The surviving church registers of baptisms, marriages, burials and banns are held in the county archives. The years covered for each parish are shown here. Note, Huntingdonshire Archives only publish the first and last date of the records they hold. There may be some gaps in between these dates. Many records survive from the mid 1500s.
Almost no images of the registers for this county are currently available online. However, Family Search has recently been putting some images of Huntingdonshire records onto their website for free access. See this page for current records. There are some church records mixed in with others. These are un-indexed, browse-only records.
Transcriptions of the registers are available for many parishes. FreeReg is in the process of transcribing parish registers across England. Some Huntingdonshire parishes have been done and there are links to these.
It is also possible to buy transcriptions of many complete parish registers from the local family history society. The prices are quite reasonable and can be downloaded as PDF files. There is a link to the FHS transcriptions for each parish where this is available.
There are also some general transcription collections on Family Search, Findmypast and Ancestry. Links to these are shown below. These collections are not complete, so many records are missing.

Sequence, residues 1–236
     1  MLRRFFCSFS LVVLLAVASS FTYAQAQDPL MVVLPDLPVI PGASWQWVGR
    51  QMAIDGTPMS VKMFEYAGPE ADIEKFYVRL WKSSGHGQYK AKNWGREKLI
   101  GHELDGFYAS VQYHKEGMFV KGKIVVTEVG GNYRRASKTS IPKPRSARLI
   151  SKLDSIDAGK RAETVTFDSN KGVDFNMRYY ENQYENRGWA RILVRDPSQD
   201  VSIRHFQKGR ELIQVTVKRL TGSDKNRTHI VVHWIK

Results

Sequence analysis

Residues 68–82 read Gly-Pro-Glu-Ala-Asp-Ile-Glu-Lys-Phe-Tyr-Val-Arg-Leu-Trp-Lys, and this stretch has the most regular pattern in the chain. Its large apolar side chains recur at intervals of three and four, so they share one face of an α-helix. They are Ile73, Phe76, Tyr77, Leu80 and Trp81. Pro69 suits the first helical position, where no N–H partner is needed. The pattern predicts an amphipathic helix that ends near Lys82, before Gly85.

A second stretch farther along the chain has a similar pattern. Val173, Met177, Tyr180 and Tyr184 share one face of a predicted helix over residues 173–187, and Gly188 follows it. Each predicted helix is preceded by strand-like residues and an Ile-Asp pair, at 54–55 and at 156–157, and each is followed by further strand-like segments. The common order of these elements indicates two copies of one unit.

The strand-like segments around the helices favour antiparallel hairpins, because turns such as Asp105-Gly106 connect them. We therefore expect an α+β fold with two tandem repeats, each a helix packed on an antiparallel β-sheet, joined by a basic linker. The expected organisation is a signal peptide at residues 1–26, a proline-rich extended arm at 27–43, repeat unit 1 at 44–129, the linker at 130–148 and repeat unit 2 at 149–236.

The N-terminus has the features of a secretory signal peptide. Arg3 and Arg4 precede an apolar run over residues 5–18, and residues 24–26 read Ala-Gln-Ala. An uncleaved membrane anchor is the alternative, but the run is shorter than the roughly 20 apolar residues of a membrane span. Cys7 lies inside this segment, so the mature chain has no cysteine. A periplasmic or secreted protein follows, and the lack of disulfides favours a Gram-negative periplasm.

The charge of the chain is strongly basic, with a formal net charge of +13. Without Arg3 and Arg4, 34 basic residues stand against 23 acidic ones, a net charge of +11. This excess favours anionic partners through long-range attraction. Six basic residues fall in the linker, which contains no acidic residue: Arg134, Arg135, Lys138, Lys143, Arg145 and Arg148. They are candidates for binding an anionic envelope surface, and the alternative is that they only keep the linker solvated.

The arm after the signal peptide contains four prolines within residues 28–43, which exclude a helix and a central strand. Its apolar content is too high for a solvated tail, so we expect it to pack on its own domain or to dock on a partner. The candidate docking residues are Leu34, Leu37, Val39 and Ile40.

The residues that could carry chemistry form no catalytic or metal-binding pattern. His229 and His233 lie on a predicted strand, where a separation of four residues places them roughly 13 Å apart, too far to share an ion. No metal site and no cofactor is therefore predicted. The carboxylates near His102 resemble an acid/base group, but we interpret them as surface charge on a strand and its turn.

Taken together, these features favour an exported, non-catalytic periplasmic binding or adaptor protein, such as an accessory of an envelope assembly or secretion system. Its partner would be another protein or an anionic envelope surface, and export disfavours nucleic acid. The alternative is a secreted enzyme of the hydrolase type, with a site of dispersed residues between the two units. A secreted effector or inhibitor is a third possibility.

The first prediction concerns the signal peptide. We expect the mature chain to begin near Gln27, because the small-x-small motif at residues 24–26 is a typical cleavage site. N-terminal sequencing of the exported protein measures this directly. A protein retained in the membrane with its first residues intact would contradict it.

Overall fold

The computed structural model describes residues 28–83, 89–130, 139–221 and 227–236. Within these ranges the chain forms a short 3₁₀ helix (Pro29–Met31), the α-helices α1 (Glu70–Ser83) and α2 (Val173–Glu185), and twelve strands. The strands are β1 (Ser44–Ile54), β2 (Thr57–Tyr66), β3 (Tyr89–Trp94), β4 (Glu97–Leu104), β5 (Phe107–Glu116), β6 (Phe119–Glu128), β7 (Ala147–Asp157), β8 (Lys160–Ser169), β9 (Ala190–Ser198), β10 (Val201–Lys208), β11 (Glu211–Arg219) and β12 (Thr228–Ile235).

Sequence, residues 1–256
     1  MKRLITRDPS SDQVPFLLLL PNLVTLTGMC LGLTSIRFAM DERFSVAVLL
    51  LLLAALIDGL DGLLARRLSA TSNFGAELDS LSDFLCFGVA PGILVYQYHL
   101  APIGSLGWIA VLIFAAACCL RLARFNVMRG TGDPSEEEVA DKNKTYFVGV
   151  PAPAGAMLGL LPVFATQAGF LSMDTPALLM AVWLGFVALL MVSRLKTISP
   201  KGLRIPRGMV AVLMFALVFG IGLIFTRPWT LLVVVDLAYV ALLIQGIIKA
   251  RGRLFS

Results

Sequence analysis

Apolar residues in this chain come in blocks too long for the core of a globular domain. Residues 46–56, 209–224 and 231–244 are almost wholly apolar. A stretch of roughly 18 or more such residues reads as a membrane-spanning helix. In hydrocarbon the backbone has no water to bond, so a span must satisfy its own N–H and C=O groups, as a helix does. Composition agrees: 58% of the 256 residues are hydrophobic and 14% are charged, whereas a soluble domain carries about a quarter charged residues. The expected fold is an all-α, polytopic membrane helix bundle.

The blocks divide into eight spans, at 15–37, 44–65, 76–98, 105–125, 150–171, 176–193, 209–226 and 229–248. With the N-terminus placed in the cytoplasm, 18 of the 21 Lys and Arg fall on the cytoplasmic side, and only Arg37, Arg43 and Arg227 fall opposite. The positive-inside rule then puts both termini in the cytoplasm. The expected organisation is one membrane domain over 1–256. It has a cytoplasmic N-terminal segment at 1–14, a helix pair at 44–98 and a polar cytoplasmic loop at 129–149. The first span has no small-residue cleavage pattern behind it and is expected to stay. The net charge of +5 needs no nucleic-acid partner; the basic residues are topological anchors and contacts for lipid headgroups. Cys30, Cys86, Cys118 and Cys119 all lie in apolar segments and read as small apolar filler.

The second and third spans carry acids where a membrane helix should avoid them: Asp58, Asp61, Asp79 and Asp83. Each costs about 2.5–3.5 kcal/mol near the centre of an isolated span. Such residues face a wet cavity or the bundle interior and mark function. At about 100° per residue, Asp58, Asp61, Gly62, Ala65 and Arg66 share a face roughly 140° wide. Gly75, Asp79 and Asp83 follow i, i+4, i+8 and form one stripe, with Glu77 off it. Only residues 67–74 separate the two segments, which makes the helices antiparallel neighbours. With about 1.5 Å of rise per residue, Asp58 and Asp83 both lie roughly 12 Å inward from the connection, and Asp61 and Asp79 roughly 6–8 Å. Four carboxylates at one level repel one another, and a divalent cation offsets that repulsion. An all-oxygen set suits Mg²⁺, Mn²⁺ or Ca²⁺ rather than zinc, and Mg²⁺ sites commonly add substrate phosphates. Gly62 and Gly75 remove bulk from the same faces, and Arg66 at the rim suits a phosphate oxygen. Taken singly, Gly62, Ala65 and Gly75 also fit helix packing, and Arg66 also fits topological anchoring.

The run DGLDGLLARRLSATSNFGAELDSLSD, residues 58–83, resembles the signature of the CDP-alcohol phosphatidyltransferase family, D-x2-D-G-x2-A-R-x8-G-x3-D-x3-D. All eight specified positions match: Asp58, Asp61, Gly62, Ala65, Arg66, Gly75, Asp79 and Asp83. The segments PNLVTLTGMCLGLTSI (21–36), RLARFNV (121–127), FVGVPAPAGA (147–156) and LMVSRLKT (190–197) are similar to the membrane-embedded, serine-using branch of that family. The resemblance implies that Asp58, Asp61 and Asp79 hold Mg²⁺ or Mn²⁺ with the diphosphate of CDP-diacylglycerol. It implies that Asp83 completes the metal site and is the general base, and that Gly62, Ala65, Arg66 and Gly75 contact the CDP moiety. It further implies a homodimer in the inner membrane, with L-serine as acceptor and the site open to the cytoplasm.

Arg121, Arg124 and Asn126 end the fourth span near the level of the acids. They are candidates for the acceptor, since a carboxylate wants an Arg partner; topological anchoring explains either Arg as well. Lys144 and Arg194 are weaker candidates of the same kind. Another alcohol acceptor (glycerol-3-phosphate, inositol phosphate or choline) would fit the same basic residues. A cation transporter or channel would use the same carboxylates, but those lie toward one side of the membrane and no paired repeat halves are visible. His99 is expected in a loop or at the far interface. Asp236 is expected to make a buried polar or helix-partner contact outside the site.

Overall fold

You will also find links to other useful sites relating to each parish where available including:
Parish churches. If the church has a website, this is linked. If a site can’t be found, there is a link to another one with information about the church.
War Memorials. These can be very useful as they usually list the names of those who were lost in a conflict. The links are from the Imperial War Museum War Memorial Register. Many parishes had more than one memorial.
Graveyard. Where available, there are links to parish graveyards on Find A Grave.
Parish history. For each parish there is a link to its detailed history on British History Online.
Domesday Book. Many of these parishes were surveyed for the 1086 Domesday Book after the Norman invasion of England. There are links to the Open Domesday site with information about the parish at that time along with the relevant extract from the Book.